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Assemblies as a specialist field

The Dutch supplier Van Lierop has a good story on metal. The company presents itself as a specialist in assemblies and strives to be the best in its field. This has led among other things to the investment in a welding robot cell with 3 stations in which a Panasonic welding robot on a track operating in 2 shifts has made a 'one piece flow' possible. CEO Hans van Lierop: "Supply has become top sport and if you want to play in the Champion's League you and your employees have to continuously improve, innovate and automate. 

Employing 30 people, Van Lierop is one of the many medium-sized sub-contractors in the Eindhoven region. The company succeeds in gaining customer loyalty by providing them with a full-service solution. "We do this by talking with our customers as early as in the prototype phase. They often have only limited knowledge of manufacturing and are looking for a good partner that contributes actions as well as words. Customers know what they want and we know the best and most efficient way of making it for thém. The fact that Van Lierop is able to deliver custom products and serial work at a good price makes it the best partner for sub-assemblies. We have all the disciplines we need for that", explains Hans van Lierop. 

Focus on assemblies
Van Lierop originally started out as a construction company but has since developed entirely into a supply company for both single-piece custom made products as well as serial-based sheet metal and welded assemblies.
Its customers are found in various market segments, and exports account for 30% of its sales outside the Netherlands. Various types of steel (including high tensile steels) and stainless steel are processed, including the required certifications, including NEN 3834-2. Investments in laser cutting and welding robotisation have made it possible to produce flexibly and economically small series. "During the crisis period in 2009 we re-evaluated this and considered what we are best at and how we could raise our profile even more. The answer always came back to assemblies. We have focused entirely on this area since then, both for single-piece custom made products and repeat orders.”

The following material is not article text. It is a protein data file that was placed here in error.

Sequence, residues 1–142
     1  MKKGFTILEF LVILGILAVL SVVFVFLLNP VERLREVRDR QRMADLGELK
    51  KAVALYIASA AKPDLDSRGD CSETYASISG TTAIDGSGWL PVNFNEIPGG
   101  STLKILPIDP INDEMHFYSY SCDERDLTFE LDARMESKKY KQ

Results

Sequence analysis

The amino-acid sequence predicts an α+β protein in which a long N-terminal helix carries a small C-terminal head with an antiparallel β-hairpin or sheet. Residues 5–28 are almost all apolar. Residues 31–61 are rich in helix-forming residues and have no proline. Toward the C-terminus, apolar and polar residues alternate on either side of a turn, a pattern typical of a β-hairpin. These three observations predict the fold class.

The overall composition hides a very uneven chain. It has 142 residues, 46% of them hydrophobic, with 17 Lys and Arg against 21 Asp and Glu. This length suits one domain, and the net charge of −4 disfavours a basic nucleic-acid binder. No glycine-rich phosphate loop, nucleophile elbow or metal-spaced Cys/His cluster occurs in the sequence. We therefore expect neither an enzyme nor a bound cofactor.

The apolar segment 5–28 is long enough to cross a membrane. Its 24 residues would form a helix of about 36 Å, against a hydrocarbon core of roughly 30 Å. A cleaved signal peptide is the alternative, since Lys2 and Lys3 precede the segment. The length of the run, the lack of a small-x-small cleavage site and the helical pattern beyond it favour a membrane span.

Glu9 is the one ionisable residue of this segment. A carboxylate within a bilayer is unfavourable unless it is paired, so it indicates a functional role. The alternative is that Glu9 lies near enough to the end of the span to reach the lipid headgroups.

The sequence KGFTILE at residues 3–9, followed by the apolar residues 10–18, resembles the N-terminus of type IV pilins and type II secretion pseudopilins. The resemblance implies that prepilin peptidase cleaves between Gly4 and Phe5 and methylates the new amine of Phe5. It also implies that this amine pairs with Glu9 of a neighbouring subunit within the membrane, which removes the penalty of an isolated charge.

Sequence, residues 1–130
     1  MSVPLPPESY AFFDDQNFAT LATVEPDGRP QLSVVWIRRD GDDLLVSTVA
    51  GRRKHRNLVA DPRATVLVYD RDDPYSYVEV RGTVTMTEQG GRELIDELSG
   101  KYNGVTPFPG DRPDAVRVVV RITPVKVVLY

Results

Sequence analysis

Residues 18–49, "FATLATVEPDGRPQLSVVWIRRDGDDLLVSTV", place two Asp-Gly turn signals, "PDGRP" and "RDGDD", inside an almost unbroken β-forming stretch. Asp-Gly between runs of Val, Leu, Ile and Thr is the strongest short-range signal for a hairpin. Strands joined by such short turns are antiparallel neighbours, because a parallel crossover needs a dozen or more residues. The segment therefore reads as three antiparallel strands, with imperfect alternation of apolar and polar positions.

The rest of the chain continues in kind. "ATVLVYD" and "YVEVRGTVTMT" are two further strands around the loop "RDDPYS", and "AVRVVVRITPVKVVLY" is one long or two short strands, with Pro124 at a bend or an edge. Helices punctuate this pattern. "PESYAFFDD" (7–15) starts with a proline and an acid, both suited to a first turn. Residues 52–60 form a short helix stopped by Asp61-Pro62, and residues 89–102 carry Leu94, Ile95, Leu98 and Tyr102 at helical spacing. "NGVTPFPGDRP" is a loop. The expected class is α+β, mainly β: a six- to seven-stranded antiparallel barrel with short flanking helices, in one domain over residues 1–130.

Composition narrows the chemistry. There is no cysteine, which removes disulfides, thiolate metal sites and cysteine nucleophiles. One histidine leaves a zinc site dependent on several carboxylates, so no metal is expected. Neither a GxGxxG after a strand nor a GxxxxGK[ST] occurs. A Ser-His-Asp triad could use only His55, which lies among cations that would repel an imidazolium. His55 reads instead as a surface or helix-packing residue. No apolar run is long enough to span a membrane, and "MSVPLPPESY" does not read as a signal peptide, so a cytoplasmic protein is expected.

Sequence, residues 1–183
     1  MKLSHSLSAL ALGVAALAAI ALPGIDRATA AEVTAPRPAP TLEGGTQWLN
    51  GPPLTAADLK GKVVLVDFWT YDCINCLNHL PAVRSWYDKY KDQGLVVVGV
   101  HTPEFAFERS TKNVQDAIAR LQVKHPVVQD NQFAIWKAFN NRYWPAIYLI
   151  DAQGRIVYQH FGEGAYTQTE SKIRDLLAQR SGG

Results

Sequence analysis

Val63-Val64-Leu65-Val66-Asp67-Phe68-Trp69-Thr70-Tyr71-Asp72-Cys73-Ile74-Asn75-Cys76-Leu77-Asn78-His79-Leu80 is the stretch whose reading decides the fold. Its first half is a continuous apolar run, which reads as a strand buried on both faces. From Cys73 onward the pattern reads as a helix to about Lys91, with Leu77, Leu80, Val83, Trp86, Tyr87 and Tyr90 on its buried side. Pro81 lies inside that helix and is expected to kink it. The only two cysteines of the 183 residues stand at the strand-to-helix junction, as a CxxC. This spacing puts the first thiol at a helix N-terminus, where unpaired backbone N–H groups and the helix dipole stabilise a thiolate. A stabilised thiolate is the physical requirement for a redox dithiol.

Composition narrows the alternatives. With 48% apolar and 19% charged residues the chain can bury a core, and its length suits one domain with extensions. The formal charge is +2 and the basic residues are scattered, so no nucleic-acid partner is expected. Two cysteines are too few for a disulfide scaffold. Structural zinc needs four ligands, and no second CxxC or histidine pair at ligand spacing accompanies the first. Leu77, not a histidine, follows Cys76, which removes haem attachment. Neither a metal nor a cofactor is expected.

Welding robots 2.0
Van Lierop already had 2 Valk Welding systems with Panasonic VR-008 welding robots on an H-frame setup, each with 2 work stations. Van Lierop: "This makes it possible for us to completely weld smaller work pieces in one set-up. For larger assemblies consisting of several sides we first made the separate assemblies in series and then put them together entirely manually. That involves a lot of handling and calls for extra internal storage. Together with Valk Welding we analysed how we could get rid of those steps. The result was a setup with 3 work stations next to each other that were operated by a Panasonic TA-1900 welding robot suspended on a gantry on a track with 13 m stroke. Parts which are welded on the outer stations and then assembled on the middle station are completely welded by the robot. That made it possible to eliminate a number of internal steps and we are now able to produce even more profitably in larger series and with less manual work.

Installation universally deployable
The welding robot installation has three 4 x 2.5 m work stations but can also be converted into two stations with a work range of 6 x 2.5 m by replacing fencing and moving counter bearings. The welding robot installation is currently being used to produce an order of 4,000 cheese boxes, but in December we will be using it for other, larger work pieces that are assembled in multiple steps. We're now making preparations for that: good preparation is often half of the work!

Win-win situation
Van Lierop believes that this way of working creates a win-win situation for the employees, the company and the customer. "The welding work has now become less monotone. Employees aren't challenged by the forecast to weld 4,000 pieces, but yes they are by the prospect of helping out with the setting of the welding robot. Their knowledge of the welding sequence, heat input, tolerances and product specifications are of great importance here. And the benefits yielded by automation will also help us to keep the work within the Netherlands. That would no longer have been financially possible with manual welding."

Ready for the next step
To Van Lierop the investment in the welding robot installation was therefore a big step in the right direction: "The welding robot is programmed offline. We can weld larger products with internal steps in both steel and stainless steel and retool faster with tools that we have developed ourselves. But the hectic market continues to demand further measures. We will have to respond more to the 24/7 economy and take a closer look at the limits of automation. Unmanned welding could be the next step, concludes Hans van Lierop. www.lieropheeze.nl

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